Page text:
Ringwalt C, Hanley S, Vincus AA, Ennett ST, Rohrbach LA, Bowling JM. The prevalence of effective substance use prevention curricula in the nation’s high schools. J Prim Prev. 2008;29(6):479–488.

Gene Changes Linked to Nicotine Dependence and Success With Smoking Cessation
Many studies suggest that genetic factors play a role in an individual’s likelihood of becoming dependent on an addictive substance such as nicotine, as well as in the level of difficulty he or she faces in quitting: scientists have reported that changes in single units of DNA, called single-nucleotide polymorphisms (SNPs), may contribute to the genetic variation observed in vulnerability to nicotine dependence. However, these studies used patients enrolled in clinical trials of smoking cessation, which have very strict entrance criteria. Therefore, individuals enrolled in these trials may not be representative of the population as a whole. To look for overlap between these studies and the general population, researchers in NIDA’s Intramural Research Program performed genome-wide association studies to look for SNPs from 480 European-American participants from a community-based study of personality and behaviors associated with cancer risk. Participants were categorized as those who never smoked extensively, those who reported lifetime nicotine dependence and who currently smoked, and those who had been dependent on nicotine but quit. Out of 289 genes with SNPs that varied significantly between current smokers and people who had never been dependent on nicotine, 30 overlapped with those identified in previous studies; out of 67 genes with SNPs that varied significantly between current smokers and people who had quit, 5 overlapped with those identified in previous studies. Many of the genes identified across studies are involved in the establishment and plasticity of neuronal connections. Some of these genes may contribute to the role memory plays in addiction, and may be potential targets for the development of new antismoking drugs.

Drgon T, Montoya I, Johnson C, Liu QR, Walther D, Hamer D, Uhl GR. Genome-wide association for nicotine dependence and smoking cessation success in NIH research volunteers. Mol Med. 2009;15(1-2):21–27.

Electronic Diary Captures Moods and Cues Leading to Heroin and Cocaine Use
A technique called ecological momentary assessment (EMA) uses handheld data collection devices such as personal digital assistants (PDAs) or cellular phones to report, in real time, on the activities, moods, and cravings experienced by people attempting to quit the use of an addictive drug. EMA has been used most often in studies of smoking cessation, but it is used rarely with people attempting to quit the use of illicit drugs. To assess the feasibility of using EMA to study the moods and cues that may lead to relapse to illicit drug use, investigators at the NIDA Intramural Research Program studied 102 cocaine-and heroin-dependent individuals undergoing methadone outpatient treatment. Each participant was loaned a PDA for the course of the study. Special software delivered five random prompts per day for 5 weeks, then two random prompts per day for 20 weeks. The prompts asked the participants whether they had experienced commonly accepted triggers of craving and relapse, including certain moods and environmental exposures (such as seeing the drug or handling cash) within the past hour. Participants were also asked to make a voice recording on their PDA whenever they experienced a craving or used cocaine or heroin. The rate of PDA loss during the study was very small, and participants answered a mean of 75 percent of the random prompts. Interestingly, the responses recorded differed between the two drugs—the triggers reported by the random prompts significantly increased before cocaine use but not before cocaine craving, whereas for heroin abusers they increased before heroin craving but not before heroin use. One explanation for these findings was that the methadone treatment may have helped participants avoid using heroin after experiencing a craving. “These findings offer an unprecedented glimpse into the buildup of mood changes and cue exposure in the hours before cocaine and heroin use or craving during outpatient treatment,” state the authors. They recommend that further studies should use EMA to study how participants’ physical locations, companions, or activities impact craving and use, to help in the development of effective therapies to prevent relapse to illicit drug use.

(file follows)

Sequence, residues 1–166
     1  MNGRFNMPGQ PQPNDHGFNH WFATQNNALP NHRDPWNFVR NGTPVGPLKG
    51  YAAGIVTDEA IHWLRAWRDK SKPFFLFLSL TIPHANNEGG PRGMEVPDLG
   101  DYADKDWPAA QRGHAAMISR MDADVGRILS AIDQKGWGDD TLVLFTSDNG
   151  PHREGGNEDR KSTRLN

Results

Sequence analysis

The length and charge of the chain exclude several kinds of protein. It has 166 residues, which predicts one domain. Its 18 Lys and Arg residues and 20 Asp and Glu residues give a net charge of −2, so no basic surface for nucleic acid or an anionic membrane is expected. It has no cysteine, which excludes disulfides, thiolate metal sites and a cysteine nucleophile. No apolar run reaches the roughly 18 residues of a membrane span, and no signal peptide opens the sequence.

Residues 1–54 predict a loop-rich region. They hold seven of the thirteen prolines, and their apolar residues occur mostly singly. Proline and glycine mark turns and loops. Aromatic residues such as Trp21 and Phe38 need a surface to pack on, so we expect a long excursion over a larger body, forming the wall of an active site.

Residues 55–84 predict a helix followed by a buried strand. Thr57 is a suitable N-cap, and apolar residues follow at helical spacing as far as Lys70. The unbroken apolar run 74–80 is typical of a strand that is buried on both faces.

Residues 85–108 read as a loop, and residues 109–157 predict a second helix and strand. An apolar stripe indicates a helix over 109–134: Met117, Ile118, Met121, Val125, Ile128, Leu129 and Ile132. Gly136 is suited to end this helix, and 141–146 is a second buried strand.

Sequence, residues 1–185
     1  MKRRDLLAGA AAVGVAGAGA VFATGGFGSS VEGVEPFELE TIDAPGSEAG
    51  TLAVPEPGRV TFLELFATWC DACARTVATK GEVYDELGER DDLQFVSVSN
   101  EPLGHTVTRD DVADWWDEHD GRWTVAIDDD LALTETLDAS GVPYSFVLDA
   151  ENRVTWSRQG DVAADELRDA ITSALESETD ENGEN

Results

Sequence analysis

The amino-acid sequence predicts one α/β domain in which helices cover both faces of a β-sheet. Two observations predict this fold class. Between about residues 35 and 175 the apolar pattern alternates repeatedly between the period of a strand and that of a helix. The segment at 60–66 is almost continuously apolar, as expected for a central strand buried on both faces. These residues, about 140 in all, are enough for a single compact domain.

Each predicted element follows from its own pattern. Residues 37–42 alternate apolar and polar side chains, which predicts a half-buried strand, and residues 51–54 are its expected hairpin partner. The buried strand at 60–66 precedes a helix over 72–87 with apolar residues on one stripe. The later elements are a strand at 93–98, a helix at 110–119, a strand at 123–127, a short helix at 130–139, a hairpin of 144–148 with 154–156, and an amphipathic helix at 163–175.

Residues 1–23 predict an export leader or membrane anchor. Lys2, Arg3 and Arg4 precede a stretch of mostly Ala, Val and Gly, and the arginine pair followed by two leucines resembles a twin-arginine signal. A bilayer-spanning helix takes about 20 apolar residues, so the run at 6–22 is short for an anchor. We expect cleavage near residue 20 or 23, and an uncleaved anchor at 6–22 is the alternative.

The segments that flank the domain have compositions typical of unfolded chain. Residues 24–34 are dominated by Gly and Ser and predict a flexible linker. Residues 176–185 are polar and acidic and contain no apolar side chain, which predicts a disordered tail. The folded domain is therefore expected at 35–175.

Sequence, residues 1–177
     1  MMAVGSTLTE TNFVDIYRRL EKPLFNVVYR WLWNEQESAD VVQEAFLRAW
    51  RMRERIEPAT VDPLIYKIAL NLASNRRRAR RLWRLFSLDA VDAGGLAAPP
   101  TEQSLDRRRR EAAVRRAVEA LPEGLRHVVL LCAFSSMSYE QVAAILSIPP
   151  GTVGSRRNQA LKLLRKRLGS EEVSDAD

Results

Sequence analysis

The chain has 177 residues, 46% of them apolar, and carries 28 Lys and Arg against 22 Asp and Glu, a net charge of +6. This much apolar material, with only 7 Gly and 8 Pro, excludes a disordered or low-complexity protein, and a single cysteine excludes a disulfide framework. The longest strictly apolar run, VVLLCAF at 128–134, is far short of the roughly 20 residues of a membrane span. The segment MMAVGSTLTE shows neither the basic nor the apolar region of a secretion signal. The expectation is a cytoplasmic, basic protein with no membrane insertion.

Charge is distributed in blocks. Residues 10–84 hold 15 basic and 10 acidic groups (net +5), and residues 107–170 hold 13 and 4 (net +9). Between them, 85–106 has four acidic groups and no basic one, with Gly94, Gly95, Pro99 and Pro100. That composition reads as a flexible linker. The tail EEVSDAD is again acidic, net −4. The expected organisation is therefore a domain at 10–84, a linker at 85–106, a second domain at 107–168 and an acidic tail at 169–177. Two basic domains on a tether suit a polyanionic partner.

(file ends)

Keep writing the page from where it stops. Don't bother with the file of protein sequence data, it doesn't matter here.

Epstein DH, Willner-Reid J, Vahabzadeh M, Mezghanni M, Lin JL, Preston KL. Real-time electronic diary reports of cue exposure and mood in the hours before cocaine and heroin craving and use. Arch Gen Psychiatry. 2009;66(1):88–94.

Aging Population of Steroid Abusers May Face Underrecognized Health Problems
Beginning in the late 1970s and early 1980s, the illicit use of anabolic-androgenic steroids (AAS) moved out of the exclusive realm of elite competitive athletics and into the general population. By 1989, the ongoing NIDA-sponsored Monitoring the Future study reported that 3 percent of 12th-grade students had abused AAS in their lifetime. The National Household Survey on Drug Abuse (administered by the Substance Abuse and Mental Health Services Administration) estimated that by 1991, nearly 1 million men aged 12 and older in the United States had abused AAS. The first large wave of these AAS abusers will soon pass the age of 45 and may face underrecognized long-term medical and psychiatric consequences due to their AAS abuse. Investigators funded by NIDA report in a new review article that the potential physical damages from AAS abuse that may be seen in an aging population include cardiovascular effects such as hardening of the arteries and weakening of the heart muscle, infertility, and, possibly, permanent damage to the brain. Psychological effects may include depression associated with disruption of the body’s hormone systems, which in turn can lead to resumed AAS abuse and dependence, as abusers repetitively return to AAS use in an attempt to counteract the symptoms they experience due to hormone disruption. Steroid abusers may also have a high risk for abuse or dependence on opioids as well as other illicit drugs. In a recent study of male weightlifters, 35 percent of those abusing AAS met the criteria for lifetime history of abuse of or dependence on an illicit drug, compared with 2 percent of non-AAS-abusing weightlifters. Currently, little is known about the lifetime prevalence of these and other potential health problems related to past or continued AAS abuse. “As this wave of aging abusers approaches, it is imperative to initiate larger and more systematic studies of the long-term effects of AAS,” conclude the authors.

Kanayama G, Hudson JI, Pope HG Jr. Long-term psychiatric and medical consequences of anabolic-androgenic steroid abuse: A looming public health concern? Drug Alcohol Depend. 2008;98(1-2):1–12.